Improvement of cognitive functions by oral intake of Lion’s Mane

lions mane cognitive functions

The study “Improvement of cognitive functions by oral intake of Hericium erinaceus,” published on PubMed, delves into how the Lion’s Mane mushroom (Hericium erinaceus) can boost brain power. Here’s the lowdown in simpler terms:

  • The MMSE (Mini-Mental State Examination) is a test doctors use to figure out if someone has dementia, and it’s done by asking the person some questions.
  • The research showed some pretty clear results: taking Lion’s Mane supplements can actually make your brain work better if you already score okay on the MMSE.

What’s super interesting is that if you keep taking these Lion’s Mane supplements for about 12 weeks, it can make a big difference in your brain functions, especially in those MMSE scores. It’s not just about stopping your memory from getting worse; it actually makes your brain sharper.

Lion's Mane Cognitive Function Improvement

Lion’s Mane increased Mini Mental State Examination Scores in adults with average brain function.

This suggests that Lion’s Mane might help fix and grow new connections in your brain, even for adults. The study points out that this boost in brain function is likely thanks to something called hericenones, which are mostly found in the mushroom’s fruiting body. These findings suggest that while significant benefits were observed from the part of the mushroom used in the study, exploring other parts, such as the mycelium, might reveal additional advantages.

Reference: Improvement of cognitive functions by oral intake of Hericium erinaceus – PubMed (


Curious about your cognitive health? Why not take a mini mental status exam right at home?

Simply have someone ask you the questions and jot down your answers. For a comprehensive guide, follow the link to the Boston Medical Center’s Mini Mental Status Exam document and get started on this insightful journey today!


Prevention of Early Alzheimer’s Disease

lions early ad

The study detailed on the web page discusses the effects of Erinacine A-enriched Hericium erinaceus mycelia (Lion’s Mane) on patients with mild Alzheimer’s Disease (AD). Here are the key findings and their potential implications for the everyday person:

  • Cognitive Improvement: The Lion’s Mane group showed significant improvement in cognitive tests like the Mini-Mental State Examination (MMSE) after 49 weeks. This suggests that regular intake of Lion’s Mane could potentially help in maintaining or improving cognitive functions in individuals with mild AD.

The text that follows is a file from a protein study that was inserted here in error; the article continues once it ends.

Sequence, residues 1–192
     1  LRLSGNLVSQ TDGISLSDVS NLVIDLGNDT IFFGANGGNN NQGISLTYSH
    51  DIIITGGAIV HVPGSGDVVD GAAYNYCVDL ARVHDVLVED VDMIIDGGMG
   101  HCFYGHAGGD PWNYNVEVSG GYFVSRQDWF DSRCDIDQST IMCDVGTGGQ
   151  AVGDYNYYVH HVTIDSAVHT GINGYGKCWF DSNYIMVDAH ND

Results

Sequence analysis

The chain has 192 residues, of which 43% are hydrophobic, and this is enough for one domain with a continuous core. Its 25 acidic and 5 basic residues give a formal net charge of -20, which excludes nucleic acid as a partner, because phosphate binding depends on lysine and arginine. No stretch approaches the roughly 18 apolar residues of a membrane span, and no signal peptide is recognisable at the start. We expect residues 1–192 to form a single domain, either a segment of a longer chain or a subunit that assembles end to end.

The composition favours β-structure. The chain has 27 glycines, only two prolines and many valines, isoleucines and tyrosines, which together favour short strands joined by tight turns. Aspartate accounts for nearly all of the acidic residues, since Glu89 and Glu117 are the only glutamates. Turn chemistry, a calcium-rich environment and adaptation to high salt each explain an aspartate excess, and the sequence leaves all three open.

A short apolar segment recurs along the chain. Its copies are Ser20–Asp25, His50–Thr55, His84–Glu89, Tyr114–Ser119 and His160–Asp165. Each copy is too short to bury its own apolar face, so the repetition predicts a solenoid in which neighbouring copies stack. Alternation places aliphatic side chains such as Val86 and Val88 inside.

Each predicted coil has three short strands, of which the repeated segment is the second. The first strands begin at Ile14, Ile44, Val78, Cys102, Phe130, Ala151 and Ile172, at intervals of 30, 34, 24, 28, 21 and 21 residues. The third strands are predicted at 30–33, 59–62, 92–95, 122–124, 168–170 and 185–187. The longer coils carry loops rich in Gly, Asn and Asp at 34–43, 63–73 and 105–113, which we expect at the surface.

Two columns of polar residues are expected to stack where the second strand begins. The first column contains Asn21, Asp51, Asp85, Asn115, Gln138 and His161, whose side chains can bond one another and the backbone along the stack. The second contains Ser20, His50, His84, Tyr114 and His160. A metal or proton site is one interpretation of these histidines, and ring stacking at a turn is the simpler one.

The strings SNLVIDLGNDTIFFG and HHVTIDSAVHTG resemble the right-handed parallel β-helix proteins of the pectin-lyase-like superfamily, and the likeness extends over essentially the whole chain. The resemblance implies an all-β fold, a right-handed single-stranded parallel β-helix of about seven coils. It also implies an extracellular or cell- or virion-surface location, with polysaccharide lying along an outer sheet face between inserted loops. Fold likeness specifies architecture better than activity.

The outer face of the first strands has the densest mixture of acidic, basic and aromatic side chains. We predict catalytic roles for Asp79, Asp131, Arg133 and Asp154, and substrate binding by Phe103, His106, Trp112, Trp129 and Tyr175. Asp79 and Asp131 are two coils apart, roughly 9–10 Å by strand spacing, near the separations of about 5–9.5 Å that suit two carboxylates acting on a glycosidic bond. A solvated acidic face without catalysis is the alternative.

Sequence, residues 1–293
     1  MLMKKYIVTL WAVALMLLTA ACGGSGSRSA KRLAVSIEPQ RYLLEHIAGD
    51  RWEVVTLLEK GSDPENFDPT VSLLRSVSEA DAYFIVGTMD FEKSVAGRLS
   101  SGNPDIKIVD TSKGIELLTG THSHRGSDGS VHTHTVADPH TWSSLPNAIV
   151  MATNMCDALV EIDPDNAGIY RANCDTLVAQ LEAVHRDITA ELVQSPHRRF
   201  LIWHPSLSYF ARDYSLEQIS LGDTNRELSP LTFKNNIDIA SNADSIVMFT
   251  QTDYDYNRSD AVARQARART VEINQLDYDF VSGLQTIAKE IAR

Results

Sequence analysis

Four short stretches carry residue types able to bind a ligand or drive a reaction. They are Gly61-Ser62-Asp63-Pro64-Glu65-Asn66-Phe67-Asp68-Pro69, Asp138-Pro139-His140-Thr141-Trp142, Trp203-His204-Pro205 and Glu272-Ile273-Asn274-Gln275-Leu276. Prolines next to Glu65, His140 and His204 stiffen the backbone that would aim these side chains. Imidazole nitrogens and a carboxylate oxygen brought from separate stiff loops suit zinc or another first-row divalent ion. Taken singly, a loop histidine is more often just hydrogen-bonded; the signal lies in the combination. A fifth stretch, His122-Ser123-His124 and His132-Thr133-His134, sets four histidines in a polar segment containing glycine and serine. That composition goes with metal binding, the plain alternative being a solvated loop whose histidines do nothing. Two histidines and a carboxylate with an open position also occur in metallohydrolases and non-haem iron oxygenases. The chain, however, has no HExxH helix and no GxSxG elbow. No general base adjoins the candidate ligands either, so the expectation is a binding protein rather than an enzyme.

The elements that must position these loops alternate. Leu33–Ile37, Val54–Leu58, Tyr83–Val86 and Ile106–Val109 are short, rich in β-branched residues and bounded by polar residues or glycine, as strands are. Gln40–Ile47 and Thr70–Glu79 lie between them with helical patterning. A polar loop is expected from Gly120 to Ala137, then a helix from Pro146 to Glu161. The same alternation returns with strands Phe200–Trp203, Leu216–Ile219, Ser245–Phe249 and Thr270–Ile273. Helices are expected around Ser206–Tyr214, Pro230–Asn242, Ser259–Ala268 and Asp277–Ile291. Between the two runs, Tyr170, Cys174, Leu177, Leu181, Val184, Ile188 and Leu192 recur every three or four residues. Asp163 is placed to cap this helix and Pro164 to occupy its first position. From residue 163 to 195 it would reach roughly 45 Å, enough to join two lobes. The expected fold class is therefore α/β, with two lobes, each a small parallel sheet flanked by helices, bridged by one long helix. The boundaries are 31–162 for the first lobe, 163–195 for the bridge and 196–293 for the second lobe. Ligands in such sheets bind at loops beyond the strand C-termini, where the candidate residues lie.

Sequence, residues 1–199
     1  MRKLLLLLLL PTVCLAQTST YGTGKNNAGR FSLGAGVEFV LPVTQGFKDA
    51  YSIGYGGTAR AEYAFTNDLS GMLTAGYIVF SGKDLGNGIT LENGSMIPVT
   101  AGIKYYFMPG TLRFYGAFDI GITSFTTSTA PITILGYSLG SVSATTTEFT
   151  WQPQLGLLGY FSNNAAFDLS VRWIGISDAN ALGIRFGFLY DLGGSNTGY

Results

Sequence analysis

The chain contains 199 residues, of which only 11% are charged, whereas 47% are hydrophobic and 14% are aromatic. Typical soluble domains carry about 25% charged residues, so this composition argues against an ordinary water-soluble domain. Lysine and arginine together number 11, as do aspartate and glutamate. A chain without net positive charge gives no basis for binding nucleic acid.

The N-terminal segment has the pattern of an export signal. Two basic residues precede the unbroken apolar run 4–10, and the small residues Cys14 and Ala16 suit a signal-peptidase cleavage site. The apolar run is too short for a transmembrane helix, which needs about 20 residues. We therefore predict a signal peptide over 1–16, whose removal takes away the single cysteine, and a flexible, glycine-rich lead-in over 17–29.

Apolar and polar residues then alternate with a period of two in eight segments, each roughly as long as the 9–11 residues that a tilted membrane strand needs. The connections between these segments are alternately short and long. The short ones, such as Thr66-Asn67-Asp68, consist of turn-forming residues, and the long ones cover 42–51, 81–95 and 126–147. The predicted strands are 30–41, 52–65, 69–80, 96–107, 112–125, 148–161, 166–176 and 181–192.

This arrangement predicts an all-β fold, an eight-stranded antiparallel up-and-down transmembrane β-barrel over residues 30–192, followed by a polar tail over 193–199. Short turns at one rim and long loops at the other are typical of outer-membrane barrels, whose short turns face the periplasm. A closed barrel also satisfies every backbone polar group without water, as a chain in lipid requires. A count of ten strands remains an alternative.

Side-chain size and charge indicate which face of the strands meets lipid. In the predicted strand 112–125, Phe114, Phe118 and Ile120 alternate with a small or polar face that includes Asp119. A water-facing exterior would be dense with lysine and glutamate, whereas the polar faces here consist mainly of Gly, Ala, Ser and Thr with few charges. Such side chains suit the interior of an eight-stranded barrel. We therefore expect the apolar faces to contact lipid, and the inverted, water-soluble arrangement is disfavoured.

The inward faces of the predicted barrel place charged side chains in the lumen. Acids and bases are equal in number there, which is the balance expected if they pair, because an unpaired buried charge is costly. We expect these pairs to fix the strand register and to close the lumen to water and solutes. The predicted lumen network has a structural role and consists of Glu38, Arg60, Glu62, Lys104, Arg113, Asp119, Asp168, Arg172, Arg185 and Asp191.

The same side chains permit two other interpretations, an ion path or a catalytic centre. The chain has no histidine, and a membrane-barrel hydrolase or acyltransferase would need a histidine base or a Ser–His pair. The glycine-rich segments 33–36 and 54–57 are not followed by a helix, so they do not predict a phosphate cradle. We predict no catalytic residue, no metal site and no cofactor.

• Daily Functioning: Participants taking Lion’s Mane also demonstrated better scores in the Instrumental Activities of Daily Living (IADL), indicating enhanced ability to perform daily tasks which can contribute to a better quality of life for those with mild AD.
  • Visual Acuity: The study found that Lion’s Mane intake resulted in better contrast sensitivity, which could mean improved vision clarity for everyday activities like reading or driving.
  • Safety and Tolerance: Except for a few cases of abdominal discomfort, nausea, and skin rash, Lion’s Mane was well-tolerated, suggesting it could be a safe supplement for long-term use.

For the average person, these findings imply that Lion’s Mane could be a promising natural supplement to support cognitive health and daily functioning in the face of aging and neurodegenerative conditions like AD. However, it’s important to consult healthcare providers before starting any new supplement regimen.

  • Study Overview: The article discusses a pilot double-blind placebo-controlled study published in Front Aging Neurosci in 2020, examining the effects of Lion’s Mane Mushroom on patients with mild Alzheimer’s Disease (AD).
  • Key Findings: After 49 weeks, the Lion’s Mane group showed significant cognitive improvements and better contrast sensitivity compared to the placebo group1. The study suggests Lion’s Mane is safe and may offer neurocognitive benefits.
  • Research Significance: This research contributes to the understanding of non-pharmacological interventions in early AD stages, highlighting the potential of dietary approaches in preventing cognitive decline.

This section emphasizes the potential therapeutic effects of specific mushroom mycelia on cognitive functions, offering a promising direction for AD treatment.

  • Neuroprotective Compounds: The study discusses hericenones from the fruiting body of Hericium erinaceus and their failure to promote NGF gene expression in human cells, suggesting the presence of other active compounds that could potentially improve cognitive impairment1.
  • Erinacines and NGF: Erinacines from the mushroom’s mycelium can cross the brain-blood barrier, promoting NGF synthesis which is crucial for neuron survival and cognitive function, especially in Alzheimer’s Disease (AD)2.
  • Lion’s Mane Potential: Lion’s Mane shows promise in improving contrast sensitivity (CS) but not visual acuity (VA) in subjects with mild AD, indicating a selective response to neural repair.
  • Biomarkers and Neurodegeneration: Lion’s Mane consumption was associated with improved blood biomarkers and a reduction in neurodegeneration, as observed through advanced MRI techniques, suggesting its potential in slowing AD progression.